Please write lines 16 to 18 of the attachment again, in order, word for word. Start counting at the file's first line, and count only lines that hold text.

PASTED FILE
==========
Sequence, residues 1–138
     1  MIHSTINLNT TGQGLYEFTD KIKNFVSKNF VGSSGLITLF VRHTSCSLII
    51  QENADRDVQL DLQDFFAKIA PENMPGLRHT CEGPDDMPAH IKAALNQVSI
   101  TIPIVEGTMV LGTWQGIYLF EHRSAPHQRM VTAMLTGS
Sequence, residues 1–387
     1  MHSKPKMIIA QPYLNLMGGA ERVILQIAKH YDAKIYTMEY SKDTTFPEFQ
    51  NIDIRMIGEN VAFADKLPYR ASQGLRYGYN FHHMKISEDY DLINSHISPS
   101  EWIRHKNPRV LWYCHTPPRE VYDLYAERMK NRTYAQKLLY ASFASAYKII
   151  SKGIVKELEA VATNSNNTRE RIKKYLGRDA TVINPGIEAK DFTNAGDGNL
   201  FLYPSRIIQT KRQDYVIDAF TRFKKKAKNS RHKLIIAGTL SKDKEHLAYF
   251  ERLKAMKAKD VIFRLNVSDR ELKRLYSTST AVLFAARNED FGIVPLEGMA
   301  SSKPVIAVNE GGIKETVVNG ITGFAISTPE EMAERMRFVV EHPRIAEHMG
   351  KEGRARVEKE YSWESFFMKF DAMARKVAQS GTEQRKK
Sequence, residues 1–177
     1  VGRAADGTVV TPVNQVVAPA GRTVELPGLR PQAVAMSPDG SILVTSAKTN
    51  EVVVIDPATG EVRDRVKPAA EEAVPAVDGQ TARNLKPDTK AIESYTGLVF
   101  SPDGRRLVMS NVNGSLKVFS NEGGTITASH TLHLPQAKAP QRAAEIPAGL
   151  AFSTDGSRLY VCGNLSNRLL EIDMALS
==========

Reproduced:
    51  EVVVIDPATG EVRDRVKPAA EEAVPAVDGQ TARNLKPDTK AIESYTGLVF
   101  SPDGRRLVMS NVNGSLKVFS NEGGTITASH TLHLPQAKAP QRAAEIPAGL
   151  AFSTDGSRLY VCGNLSNRLL EIDMALS